Ontario has experienced exponential growth in the recent past. Much of that growth can be attributed to the stable economy associated with a land registration system that emphasizes predictability and the assurance that the records maintained by each land registry office can be relied upon, coupled with a legal planning framework that places an emphasis on new development paying for itself.
These opportunities, with limited exceptions, are available to non-resident investors and owners.
When purchasing and developing property in Ontario, several factors must be considered before a transaction can be completed. Generally, a developer or property purchaser will need to employ a legal team as well as other professionals to advise on obtaining the legal title to the property and title insurance, payment of taxes, and ensuring that the property complies with (or can be made to comply with) planning and zoning requirements and relevant fire and building codes.
Canada’s Constitution allocates legislative authority over private property rights to the provinces. Accordingly, each province has created its own land registry system. There is no land registry at the federal level.
Title to real estate in Ontario was historically registered in one of two paper-based systems, the Registry System and the Land Titles System. In recent years, an electronic title registration system has been established ensuring consistency within the province.
Registration of properties
The Registry Act established the title Registry System in which deeds, mortgages and other documents evidencing an interest in real estate are registered in chronological order.
The Land Titles Act established the Land Titles System that guarantees title to land in favour of the owner reflected in the land records maintained by the province and creates a fund that is available to pay out any person whose interest in the land is found to be inconsistent with the provisions of the title records, subject to a number of exceptions.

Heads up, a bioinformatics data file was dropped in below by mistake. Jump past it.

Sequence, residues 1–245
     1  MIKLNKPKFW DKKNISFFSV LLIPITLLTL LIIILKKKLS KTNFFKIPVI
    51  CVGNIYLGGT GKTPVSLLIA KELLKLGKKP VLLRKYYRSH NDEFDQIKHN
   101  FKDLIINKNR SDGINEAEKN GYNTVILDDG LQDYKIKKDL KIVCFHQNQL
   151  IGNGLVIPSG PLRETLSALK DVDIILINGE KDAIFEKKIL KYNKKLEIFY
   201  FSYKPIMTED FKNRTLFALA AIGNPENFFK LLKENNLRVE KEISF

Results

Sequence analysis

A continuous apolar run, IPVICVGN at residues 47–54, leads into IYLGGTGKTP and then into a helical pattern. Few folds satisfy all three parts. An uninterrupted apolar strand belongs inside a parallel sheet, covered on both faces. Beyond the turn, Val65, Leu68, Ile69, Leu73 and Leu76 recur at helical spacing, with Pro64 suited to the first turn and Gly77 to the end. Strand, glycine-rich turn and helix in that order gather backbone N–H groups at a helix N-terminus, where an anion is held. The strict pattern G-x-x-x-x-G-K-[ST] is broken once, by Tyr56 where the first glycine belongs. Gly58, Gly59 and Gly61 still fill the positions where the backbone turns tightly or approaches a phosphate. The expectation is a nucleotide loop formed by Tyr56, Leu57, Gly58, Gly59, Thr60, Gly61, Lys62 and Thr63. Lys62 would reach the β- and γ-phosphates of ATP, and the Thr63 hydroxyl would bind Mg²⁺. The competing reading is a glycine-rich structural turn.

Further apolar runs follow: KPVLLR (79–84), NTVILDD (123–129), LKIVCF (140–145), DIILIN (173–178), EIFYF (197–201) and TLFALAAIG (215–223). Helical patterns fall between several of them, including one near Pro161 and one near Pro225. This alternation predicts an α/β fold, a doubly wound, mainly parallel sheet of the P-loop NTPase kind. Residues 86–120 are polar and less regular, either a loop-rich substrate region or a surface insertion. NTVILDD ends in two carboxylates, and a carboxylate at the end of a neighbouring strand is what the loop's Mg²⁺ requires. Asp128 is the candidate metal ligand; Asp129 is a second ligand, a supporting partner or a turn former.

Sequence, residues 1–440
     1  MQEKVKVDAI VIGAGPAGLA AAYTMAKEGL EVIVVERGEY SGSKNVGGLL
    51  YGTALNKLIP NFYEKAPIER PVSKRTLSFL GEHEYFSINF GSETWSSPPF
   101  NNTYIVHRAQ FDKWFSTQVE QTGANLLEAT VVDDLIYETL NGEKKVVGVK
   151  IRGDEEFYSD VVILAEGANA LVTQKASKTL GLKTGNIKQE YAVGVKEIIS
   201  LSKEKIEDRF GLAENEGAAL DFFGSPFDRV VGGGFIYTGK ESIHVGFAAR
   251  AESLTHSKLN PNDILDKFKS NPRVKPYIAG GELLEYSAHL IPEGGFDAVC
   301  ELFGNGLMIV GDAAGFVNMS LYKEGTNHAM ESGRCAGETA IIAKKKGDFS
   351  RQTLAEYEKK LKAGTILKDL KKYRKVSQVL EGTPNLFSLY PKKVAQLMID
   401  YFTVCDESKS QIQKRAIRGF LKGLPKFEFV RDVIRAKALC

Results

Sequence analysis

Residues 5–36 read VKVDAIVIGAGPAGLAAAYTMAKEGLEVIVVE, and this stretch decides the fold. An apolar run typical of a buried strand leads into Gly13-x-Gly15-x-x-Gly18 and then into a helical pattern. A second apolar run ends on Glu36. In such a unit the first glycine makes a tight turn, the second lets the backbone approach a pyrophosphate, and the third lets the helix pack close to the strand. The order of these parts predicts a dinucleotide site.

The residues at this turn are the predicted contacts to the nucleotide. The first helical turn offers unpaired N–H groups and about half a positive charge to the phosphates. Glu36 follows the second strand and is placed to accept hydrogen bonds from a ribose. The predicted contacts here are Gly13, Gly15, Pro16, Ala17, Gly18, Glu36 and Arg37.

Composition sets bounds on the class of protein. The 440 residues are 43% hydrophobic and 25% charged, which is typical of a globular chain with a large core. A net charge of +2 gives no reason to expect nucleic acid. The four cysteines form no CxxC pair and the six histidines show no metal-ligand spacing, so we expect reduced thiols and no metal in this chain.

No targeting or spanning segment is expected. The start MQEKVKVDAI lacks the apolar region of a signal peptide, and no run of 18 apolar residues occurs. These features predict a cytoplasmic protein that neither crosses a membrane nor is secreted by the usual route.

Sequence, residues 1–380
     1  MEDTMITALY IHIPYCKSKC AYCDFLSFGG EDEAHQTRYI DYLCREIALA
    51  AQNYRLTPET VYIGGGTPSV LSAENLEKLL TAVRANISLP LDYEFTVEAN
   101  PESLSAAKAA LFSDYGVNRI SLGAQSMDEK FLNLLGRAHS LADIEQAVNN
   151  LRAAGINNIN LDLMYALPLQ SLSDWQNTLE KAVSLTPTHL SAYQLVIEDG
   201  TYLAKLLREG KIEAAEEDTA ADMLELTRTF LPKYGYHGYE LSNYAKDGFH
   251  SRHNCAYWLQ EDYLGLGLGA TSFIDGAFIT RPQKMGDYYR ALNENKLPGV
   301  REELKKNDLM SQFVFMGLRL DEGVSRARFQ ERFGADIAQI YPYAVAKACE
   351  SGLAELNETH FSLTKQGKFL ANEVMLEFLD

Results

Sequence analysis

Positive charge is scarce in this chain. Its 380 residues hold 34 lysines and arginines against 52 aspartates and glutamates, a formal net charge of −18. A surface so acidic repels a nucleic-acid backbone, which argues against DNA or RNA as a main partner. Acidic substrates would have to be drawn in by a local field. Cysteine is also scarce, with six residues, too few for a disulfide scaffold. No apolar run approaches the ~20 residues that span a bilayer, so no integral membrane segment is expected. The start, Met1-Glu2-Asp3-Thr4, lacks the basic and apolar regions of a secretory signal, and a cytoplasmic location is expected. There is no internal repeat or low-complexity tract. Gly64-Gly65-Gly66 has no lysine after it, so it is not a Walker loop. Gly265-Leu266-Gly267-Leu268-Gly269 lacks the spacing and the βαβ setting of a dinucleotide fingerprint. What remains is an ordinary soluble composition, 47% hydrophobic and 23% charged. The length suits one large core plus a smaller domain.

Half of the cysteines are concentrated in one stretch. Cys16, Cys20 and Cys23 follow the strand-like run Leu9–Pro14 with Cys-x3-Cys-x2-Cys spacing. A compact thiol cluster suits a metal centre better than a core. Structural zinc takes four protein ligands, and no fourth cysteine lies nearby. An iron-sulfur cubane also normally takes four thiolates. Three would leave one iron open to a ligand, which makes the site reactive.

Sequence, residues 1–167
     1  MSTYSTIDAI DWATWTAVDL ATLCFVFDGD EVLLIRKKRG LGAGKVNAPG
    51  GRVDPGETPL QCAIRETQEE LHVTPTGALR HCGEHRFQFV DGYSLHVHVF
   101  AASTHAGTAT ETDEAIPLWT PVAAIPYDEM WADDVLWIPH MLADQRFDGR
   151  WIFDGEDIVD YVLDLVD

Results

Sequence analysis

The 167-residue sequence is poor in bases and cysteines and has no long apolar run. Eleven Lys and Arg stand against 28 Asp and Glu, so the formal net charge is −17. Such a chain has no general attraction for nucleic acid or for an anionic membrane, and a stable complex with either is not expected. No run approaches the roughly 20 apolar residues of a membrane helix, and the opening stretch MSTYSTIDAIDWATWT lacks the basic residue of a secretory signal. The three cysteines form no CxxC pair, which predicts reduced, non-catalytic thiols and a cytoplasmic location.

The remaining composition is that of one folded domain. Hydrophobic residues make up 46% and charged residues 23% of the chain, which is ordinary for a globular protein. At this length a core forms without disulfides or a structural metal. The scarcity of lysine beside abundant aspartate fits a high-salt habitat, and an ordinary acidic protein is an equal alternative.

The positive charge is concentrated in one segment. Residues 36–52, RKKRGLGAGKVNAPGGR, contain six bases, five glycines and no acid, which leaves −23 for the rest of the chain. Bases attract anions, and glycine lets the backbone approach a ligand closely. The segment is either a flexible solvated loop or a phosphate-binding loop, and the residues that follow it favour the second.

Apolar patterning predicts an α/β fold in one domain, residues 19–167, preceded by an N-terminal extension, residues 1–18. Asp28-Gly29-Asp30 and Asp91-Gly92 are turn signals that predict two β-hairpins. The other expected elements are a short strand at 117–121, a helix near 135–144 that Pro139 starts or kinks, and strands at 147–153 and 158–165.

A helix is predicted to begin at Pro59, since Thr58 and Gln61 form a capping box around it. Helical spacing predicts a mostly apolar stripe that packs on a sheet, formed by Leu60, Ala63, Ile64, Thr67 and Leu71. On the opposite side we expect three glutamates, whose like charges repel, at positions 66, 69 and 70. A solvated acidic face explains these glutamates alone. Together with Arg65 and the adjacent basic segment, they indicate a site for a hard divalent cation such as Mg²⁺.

In the 1990s, the province embarked upon a project to convert all titles to an electronic format. This ultimately involved not only the electronic registration of property documents but also the electronic execution of such documents. To accommodate the move to electronic registration, most titles in the province were converted to the Land Titles System.
Currently, very few titles remain in the Registry System and, those that do, have not been converted to the Land Titles System by reason of some title issue that must be resolved prior to their conversion into the guaranteed title system.
Ownership of properties registered in the Land Titles System may still be challenged based on statutory exceptions and the common law.
While undertaking legal due diligence in the acquisition or mortgaging of land and confirming that title will be sufficient to provide a purchaser or lender with good title or security, Ontario lawyers undertake several off-title searches. These include, for example, confirmation that property taxes are not in arrears, that certain statutory easements do not apply to the property, and in the case of condominium units, that the condominium monthly common expenses are fully paid and up to date. Each of these encumbrances run with the title and will therefore be unaffected by a change in ownership or the registration of a mortgage.
In the past 20 years, title insurance has become a standard facet in the acquisition and mortgaging of real estate in Ontario.
Title policies are obtained in the course of a purchase or mortgage transaction, and the insurer will insure certain aspects of title relying on the opinion as to title provided by the lawyer for one of the parties to the transaction. Such policies protect the insured from certain title matters, and other risks such as identity fraud.
A single premium payment paid at the time of the completion of the transaction protects the lender or the owner for the duration of the ownership of the property, or mortgage until it is discharged. A lender and a purchaser will usually discuss the advisability of obtaining title insurance with their lawyer in the course of the transaction. The title insurer will generally not require the lawyer to undertake the full suite of title and off-title examinations (which can be quite expensive) for it to issue the policy.
Certain taxes such as Land Transfer Tax and HST may be payable on the acquisition of real estate in Ontario.
Land Transfer Tax
Land Transfer Tax is payable by the purchaser upon the acquisition of an interest in real estate, based on the purchase price of the property and whether the land is residential or non-residential. The residential rate of land transfer tax is as follows:
In addition to the Land Transfer Tax payable by all purchasers in Ontario, the City of Toronto has enacted its own land transfer tax regime, which adds the same amount of tax on property acquisitions within the City of Toronto. First-time home buyers may be entitled to receive a rebate.